EEA has been the leading light in outdoor arts since forming in 1980. We create unforgettable events and participatory experiences and our vision is to help transform the ordinary into the extraordinary. Our outward facing work (a strand we call “It Can Happen Here”) typically involves 6 meter tall mechanical puppets, fireworks and mass participation events involving hundreds of people. This maybe an illuminated lantern procession, a parade or firework display… all of which take place in park or public space.
Our work tends to be made with communities alongside our team of Creative Practitioners and we’ll usually be found in non-traditional arts spaces. Carparks, street corners and fields become our playgrounds along with the community who we’re working with. A question we get asked a lot is “you blow a lot of things up and make things look beautiful…how that translate into the work you do in schools?”. For me, the answer is simple! We create spectacle…without the REAL fireworks. Our Learning & Participation programmes together mesmerising aesthetics, wonder and multi-sensory experiences that take place in places and spaces that where children live and learn. We have extensive experience in working collaboratively with schools, cultural organisations and the heritage sector to design and deliver bespoke creative projects which are designed to immerse participants in spectacles of all shapes and sizes, and enchant and delight audiences locally, nationally and internationally.
Schools are places of discovery, and learning should first and foremost be engaging and captivating, allowing children to exercise their imaginations, take risks and test out new possibilities and realities. School is often the first destination which children will experience culture and creative play, so we should go to where they are.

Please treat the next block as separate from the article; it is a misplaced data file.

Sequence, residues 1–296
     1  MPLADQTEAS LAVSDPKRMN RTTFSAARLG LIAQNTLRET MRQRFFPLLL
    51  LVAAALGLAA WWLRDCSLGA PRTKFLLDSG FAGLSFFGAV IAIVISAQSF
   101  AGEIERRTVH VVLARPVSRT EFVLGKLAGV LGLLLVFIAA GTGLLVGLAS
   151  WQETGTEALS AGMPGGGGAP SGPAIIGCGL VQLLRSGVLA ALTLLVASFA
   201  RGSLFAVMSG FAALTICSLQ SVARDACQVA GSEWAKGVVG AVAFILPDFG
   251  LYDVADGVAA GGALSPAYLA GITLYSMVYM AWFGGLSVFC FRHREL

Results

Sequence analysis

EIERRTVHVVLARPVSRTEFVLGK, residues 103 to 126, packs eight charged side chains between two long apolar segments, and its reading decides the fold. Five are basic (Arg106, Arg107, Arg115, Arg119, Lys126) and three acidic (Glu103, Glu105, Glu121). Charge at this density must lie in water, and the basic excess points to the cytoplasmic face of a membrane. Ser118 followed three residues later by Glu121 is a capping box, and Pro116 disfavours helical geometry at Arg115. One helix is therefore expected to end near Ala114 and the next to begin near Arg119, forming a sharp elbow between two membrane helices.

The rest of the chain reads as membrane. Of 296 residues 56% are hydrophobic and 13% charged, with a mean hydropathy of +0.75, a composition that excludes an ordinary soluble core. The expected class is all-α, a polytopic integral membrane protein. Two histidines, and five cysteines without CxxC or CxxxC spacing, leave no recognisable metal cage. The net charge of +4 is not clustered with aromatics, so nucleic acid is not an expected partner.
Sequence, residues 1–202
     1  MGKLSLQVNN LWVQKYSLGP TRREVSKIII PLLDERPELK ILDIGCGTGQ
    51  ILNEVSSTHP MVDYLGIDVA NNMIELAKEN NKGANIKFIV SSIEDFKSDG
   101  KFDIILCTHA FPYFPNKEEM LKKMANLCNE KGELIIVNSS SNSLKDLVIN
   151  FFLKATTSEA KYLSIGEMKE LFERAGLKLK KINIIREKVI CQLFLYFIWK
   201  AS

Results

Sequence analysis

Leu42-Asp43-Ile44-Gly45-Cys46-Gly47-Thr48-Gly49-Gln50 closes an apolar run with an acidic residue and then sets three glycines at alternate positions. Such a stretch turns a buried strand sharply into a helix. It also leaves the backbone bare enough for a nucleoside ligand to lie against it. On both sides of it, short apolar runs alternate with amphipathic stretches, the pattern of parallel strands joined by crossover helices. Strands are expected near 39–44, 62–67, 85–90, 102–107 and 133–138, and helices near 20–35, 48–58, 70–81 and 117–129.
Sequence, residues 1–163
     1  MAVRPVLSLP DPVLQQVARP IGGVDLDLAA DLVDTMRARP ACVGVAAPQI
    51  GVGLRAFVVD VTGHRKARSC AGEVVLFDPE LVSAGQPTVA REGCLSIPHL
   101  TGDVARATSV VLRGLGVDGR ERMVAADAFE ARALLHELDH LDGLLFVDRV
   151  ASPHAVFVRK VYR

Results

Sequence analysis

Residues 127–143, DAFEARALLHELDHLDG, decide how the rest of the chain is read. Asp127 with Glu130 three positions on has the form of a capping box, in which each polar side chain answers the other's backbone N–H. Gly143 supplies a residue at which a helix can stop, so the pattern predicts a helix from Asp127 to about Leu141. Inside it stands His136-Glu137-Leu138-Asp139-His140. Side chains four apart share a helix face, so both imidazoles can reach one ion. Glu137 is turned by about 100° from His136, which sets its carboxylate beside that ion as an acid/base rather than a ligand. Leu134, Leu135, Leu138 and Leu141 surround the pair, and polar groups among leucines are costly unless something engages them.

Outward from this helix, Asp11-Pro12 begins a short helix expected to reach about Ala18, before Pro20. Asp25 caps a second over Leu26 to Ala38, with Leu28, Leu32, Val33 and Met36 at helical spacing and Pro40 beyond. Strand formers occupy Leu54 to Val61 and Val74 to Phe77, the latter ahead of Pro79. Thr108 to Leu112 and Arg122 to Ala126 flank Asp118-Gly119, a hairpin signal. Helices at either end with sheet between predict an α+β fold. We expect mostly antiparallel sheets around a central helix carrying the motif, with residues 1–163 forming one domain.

Instead of a pyrotechnic display in a field, we’ll install a Curiosity Cabinet in the hall. This act should have the same effect as the fireworks. We want to generate those golden “wow” moments and the “thing” (whether it’s a mysterious crate in the playground on a giant robot made from purple bins) is the spark which the teachers, participants and creative practitioners will nurture and fan to make the flames turn into wildfire of the imagination.
EEA 2019 will see the ambitious creative learning projects come into fruition, which includes our new current endeavor Flight of Fancy which will see primary and secondary schools create their own digital installations (housed in bird boxes). These installations contain animations which explore the theme of “my nest, my home” and once created they will tour to cultural spaces in London which will allow members of the public to “peek” into the bird boxes and in doing so, take a flight of fancy which has been dreamt up and crafted by the imaginations of young people.
During these challenging times of funding cuts, schools will remain our close allies. Together we can make mesmeric things happen, and in order to do that we need to create opportunity and share the tools to ensure a high quality creative education thrives and is owned and instigated by the teachers as well as the arts organizations/creative partners/artists.
Here’s to igniting more imaginations (and fireworks) in 2019 and beyond.
Talawa's programme for emerging theatre-makers, is a remarkable opportunity for anyone aged 18-25 and interested in the performing arts.
Nelly, our Mechanical Elephant was featured on BBC's Don't Tell the Bride. The couple rode the elephant through the streets of Brighton.
Two of EEA’s ‘family’ of artists and members sadly died recently and we send our love and sympathy to their families and friends.